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18F-FDG-PET and MRI in autoimmune encephalitis: a systematic review of brain findings

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Abstract

Introduction

In the diagnostic assessment of autoimmune encephalitis (AE) associated with antineural antibody (Ab) imaging with 18F-fluorodeoxyglucose (FDG), positron emission tomography (PET) was initially only used to screen for occult malignancies in paraneoplastic cases. Today accumulating evidence also supports the use of PET imaging for the objective assessment of metabolic changes in the brain of patients with AE. On the other hand, magnetic resonance imaging (MRI) of the brain reveals a variable picture depending on the specific syndrome and associated antibody, and may be normal in a sizable proportion of patients.

Acquisition of evidence

Among all the articles retrieved, we selected only studies and case series describing 18F-PET/CT, or multimodal imaging assessments (with both PET/CT and MRI performed in the same patient) on at least five patients with AE confirmed by the presence of antineural Ab. Studies describing MRI but not PET/CT findings on at least 20 cases were also included to strengthen the morphological considerations.

Summary of evidence

We summarize the findings in the literature, commenting on studies involving the use of FDG-PET/CT in patients with AE, focusing on the added value and unsolved issues of using FDG-PET as opposed to MRI, and discussing them in the context of the available diagnostic criteria for AE. We also describe neuroimaging (PET and MRI) differences between AE with Ab against surface antigens vs AE with Ab against intracellular antigens. The timing of neuroimaging after the onset of symptoms is also considered.

Conclusions

From a systematic review of the literature, it seems that some specific metabolic patterns correlate with the presence of specific Ab, such as a cerebral posterior hypometabolism in anti-NMDAR encephalitis, and a mesiotemporal hypermetabolism (associated with hyperintensities and swollen structures on MRI T2) in encephalitis with LGI1 and onconeural Ab. To ascertain the prognostic value of FDG-PET and its role in driving therapy, larger (preferably longitudinal) studies are needed on age-matched, untreated patients with the same Ab status, who undergo imaging at a similar time after the onset of their symptoms. This would enable a systematic correlation between MRI and FDG-PET findings, and help to clarify a number of unsolved clinical and technical issues.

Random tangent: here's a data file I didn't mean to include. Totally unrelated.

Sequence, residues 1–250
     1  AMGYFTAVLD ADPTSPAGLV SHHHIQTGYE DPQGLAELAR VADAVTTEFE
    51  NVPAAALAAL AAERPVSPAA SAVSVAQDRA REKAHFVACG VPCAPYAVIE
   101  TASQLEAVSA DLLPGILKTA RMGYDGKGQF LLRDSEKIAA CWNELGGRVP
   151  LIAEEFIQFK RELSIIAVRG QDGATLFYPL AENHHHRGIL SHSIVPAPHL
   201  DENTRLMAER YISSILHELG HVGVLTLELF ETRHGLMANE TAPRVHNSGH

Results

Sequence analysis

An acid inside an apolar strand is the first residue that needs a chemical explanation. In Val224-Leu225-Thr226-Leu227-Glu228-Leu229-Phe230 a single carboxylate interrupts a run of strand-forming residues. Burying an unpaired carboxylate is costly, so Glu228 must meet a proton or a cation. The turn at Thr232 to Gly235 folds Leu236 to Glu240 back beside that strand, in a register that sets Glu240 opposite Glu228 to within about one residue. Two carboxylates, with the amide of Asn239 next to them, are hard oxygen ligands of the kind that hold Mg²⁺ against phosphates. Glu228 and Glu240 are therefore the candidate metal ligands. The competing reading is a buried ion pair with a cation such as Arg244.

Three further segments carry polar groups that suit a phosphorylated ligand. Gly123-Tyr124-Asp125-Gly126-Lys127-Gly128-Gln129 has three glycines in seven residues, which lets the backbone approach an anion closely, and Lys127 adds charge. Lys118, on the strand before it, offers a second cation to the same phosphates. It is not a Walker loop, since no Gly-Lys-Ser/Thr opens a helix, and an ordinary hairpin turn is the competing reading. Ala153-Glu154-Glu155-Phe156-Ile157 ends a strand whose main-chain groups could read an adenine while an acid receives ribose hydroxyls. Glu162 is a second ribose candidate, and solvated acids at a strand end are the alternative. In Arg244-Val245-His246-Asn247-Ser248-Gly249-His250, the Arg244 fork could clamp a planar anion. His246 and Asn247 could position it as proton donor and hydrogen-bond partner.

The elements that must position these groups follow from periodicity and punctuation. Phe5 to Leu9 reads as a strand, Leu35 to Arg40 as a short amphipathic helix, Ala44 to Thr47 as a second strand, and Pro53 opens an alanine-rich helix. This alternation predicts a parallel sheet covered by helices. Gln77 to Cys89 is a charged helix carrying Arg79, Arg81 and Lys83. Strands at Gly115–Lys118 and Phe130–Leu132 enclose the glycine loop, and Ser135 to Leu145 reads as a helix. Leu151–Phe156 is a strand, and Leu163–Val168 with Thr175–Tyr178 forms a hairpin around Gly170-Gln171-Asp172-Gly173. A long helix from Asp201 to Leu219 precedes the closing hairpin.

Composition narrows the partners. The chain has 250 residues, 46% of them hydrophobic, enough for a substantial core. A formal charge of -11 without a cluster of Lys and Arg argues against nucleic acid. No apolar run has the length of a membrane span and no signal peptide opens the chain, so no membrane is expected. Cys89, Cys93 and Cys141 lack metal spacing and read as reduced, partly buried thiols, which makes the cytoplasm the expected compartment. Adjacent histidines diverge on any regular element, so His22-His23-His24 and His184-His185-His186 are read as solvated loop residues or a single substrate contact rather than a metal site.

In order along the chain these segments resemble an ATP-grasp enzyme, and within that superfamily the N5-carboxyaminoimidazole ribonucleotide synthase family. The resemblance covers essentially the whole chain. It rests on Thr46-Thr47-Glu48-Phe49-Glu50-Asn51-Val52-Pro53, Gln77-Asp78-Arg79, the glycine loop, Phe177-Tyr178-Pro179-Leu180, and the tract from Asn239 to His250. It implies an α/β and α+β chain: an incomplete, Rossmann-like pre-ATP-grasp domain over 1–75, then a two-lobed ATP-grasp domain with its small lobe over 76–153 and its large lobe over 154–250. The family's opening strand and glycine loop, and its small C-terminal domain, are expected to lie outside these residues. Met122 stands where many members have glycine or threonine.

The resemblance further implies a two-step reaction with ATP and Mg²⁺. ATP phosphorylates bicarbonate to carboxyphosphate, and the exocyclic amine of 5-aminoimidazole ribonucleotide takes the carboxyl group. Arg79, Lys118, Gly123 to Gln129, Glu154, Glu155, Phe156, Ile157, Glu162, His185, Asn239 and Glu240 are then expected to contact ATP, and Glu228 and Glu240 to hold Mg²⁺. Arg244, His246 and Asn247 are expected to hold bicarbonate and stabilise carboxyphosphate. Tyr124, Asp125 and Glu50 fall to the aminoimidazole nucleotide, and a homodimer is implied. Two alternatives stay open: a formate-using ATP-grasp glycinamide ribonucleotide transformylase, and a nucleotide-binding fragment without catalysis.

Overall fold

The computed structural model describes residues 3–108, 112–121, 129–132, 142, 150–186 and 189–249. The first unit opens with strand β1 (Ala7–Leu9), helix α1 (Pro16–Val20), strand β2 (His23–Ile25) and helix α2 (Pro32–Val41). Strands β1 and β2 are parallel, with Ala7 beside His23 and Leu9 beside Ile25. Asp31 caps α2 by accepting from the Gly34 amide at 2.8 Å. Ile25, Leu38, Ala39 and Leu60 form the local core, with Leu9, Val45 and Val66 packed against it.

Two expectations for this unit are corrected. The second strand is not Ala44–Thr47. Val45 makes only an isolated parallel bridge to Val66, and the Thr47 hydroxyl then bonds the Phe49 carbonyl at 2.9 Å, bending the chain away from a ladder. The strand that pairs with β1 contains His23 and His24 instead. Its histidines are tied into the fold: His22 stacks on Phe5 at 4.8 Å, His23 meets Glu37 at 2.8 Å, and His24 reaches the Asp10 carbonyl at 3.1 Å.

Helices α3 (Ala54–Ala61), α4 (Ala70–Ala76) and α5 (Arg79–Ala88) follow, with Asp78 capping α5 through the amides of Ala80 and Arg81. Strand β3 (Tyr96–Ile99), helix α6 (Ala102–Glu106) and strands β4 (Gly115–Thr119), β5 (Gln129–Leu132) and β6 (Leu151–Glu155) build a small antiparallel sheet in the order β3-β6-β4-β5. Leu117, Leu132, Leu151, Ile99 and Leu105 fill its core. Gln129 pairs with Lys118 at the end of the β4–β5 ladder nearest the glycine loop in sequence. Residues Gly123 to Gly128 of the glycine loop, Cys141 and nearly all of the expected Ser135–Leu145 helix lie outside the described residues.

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Correspondence to Diego Cecchin.

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DC received consultant honoraria and a liberal donation from Piramal Imaging irrelevant to the aims of the paper. The other authors have no conflicts of interest to disclose.

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Morbelli, S., Zoccarato, M., Bauckneht, M. et al. 18F-FDG-PET and MRI in autoimmune encephalitis: a systematic review of brain findings. Clin Transl Imaging 6, 151–168 (2018). https://doi.org/10.1007/s40336-018-0275-x

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